She is one of the 1000 women proposed for the Nobel Peace Price 2005.
She says: “Hagukora ikibi wogikorerwa … It is better for one to suffer than to make someone else suffer.”
Marie Rose Cimpaye – Burundi
She works for Habamahoro.
Marie Rose Cimpaye, of the Tutsi ethinic group, was born in 1961 in Karuzi, Burundi. She enjoyed the good relations among her neighbors, until they fled for their lives in 1993. That was a shock that triggered her to action. She decided to act to create a better life for all.
She now has to strive to regain the lost social environment. With her friend and neighbor she founded a women’s association, Habamahoro, meaning “Let there be peace”. She is of the Tutsi ethinic group and was born in 1961 in Karuzi, Burundi.
She and her friend and neighbor, Colette Ndaruaniye, a Hutu, began to risk their lives trying to reconcile their communities by visiting one another. Colette lived in the Buhiga district, in Karuzi. Hutus lived on the hill while the Tutsis were displaced from the region. They began to visit one another, but would be tortured by their own people when they returned home.
Their resilience and persistence attracted others who began to follow their example. As a result the two communities were reconciled. Marie Rose and Colette created an association, Habamahoro, meaning ‘let there be peace’. It unites women from both Hutu and Tutsi communities.
Paradoxically, Marie Rose admits that the hostility manifested by the people of her own ethnic group, gives her energy to go on. She is also encouraged by the warm welcome she receives from those who are not from her ethnic group.
Although she did not have an official network, she and Colette Ndaruaniye together with their 15-member women’s group were trained in Peaceful Conflict Resolution by Accord Burundi (e-mail).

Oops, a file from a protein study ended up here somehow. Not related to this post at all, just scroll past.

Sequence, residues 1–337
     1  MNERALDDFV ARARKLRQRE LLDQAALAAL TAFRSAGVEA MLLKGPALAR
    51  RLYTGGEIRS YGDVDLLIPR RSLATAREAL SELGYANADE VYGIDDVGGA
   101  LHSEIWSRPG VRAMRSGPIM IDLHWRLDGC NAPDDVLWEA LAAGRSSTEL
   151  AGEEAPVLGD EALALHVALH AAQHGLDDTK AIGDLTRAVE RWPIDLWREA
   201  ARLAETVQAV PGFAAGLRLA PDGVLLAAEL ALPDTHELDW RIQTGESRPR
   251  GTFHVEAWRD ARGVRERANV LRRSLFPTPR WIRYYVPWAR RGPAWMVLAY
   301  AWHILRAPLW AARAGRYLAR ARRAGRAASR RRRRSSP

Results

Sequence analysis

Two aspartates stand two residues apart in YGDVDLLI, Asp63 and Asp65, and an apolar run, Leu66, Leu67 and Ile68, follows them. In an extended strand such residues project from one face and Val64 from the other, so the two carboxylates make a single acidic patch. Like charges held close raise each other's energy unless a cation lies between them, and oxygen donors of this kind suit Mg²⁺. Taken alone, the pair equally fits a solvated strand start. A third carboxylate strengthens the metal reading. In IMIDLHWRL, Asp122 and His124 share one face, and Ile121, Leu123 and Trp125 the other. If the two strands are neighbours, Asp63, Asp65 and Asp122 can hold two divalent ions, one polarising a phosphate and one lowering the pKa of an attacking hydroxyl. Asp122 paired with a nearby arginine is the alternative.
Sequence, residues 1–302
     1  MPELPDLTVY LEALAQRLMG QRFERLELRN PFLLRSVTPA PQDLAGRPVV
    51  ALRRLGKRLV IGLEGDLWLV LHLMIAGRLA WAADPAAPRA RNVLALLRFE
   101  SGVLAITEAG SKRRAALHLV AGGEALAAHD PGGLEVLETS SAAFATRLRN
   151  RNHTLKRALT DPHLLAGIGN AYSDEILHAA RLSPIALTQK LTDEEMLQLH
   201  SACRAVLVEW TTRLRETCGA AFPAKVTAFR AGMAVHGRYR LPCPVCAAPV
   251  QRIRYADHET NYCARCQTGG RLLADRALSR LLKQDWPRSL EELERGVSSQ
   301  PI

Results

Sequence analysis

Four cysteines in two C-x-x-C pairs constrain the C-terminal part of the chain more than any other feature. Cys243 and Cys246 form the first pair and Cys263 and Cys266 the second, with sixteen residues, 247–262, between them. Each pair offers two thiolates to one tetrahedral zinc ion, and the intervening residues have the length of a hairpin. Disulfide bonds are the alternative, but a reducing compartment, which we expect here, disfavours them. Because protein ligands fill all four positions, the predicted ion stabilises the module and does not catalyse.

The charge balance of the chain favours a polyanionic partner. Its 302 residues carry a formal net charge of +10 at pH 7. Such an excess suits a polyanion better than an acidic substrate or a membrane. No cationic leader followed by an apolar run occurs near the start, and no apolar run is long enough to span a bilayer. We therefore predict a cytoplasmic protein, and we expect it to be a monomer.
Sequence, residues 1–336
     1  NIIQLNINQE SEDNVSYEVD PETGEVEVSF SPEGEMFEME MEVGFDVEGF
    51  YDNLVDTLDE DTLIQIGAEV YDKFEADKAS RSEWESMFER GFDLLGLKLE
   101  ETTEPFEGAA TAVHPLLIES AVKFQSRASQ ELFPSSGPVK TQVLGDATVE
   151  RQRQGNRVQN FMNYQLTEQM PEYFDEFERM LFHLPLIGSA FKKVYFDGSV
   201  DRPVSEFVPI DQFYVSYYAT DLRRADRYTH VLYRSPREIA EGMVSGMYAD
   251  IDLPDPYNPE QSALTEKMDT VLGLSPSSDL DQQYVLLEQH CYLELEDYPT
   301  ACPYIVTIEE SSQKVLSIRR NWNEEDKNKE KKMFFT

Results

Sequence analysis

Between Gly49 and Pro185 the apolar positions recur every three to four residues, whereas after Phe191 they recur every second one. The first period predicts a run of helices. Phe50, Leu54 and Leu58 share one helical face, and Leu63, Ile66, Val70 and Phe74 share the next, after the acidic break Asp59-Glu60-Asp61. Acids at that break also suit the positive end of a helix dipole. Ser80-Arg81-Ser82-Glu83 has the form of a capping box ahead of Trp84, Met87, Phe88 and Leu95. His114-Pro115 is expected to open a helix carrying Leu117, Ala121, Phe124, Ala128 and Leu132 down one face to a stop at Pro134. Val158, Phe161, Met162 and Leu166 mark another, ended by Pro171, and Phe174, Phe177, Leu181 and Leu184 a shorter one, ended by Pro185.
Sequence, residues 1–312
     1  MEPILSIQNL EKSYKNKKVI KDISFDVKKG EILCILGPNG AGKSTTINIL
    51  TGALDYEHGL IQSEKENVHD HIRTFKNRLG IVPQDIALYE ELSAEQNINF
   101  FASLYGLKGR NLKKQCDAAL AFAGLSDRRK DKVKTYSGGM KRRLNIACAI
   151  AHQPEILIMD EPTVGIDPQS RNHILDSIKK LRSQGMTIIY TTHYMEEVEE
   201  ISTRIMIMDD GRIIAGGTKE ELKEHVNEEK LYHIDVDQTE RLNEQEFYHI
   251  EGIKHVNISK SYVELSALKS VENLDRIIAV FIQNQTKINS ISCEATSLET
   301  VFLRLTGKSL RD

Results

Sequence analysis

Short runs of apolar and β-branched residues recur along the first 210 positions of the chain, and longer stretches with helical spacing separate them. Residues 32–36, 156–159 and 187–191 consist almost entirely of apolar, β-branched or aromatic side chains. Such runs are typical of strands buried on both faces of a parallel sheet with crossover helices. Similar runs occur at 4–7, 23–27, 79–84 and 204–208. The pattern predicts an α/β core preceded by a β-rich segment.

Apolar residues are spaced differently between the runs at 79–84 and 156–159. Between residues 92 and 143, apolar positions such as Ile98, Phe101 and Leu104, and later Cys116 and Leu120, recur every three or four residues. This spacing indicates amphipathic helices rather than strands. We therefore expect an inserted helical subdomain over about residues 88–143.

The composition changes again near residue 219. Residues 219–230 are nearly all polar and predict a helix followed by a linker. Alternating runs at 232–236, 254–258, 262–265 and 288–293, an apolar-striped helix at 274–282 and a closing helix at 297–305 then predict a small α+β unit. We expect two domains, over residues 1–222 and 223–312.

Her vision of the future is to regain the trust and the good coexistence that their ancestors once knew and lived with. The reality however is one full of fear and lack of confidence among people that makes life miserable among residents and the displaced people. Moreover, injustice is prevalent because the guilty are not punished for their crimes. (1000PeaceWomen).
A second example is the Habamahoro group from Karuzi province, which consists
of 30 women. One of them, a woman trainer who attended the first gender-sensitive training courses on conflict transformation techniques, was outraged at the behaviour of fellow Tutsis in her community who would incite Tutsi IDPs to kill any Hutu who passed near the camp on their way to hospital or the market. On the other side, Hutus killed Tutsis when they came to the hills to collect whatever they had been growing before they were forced to flee their homes. The Dushirehamwe trainer invited 15 Tutsi women from the IDP camp and 15 Hutus from the hills to her house, in order to discuss the situation. She wanted to share the training she had received and explain to them the negative impact of conflict on women, and women’s role in the development of the family and the country … (full text).
Members of parliaments, civil society representatives, youth activists, students and lawyers met in Nairobi, Kenya on the 27th March 2007 to dialogue on the exacerbated sexual violence against girls and women during conflicts and post conflict periods. The one day seminar facilitated by ACORD opened dialogue among peace activists across the world to share testimonies and facts on victims of conflict. (full text).
Sorry, I can get no other information in english (or french) of Marie Rose Cimpaye – Burundi, being certified it would be the wanted person.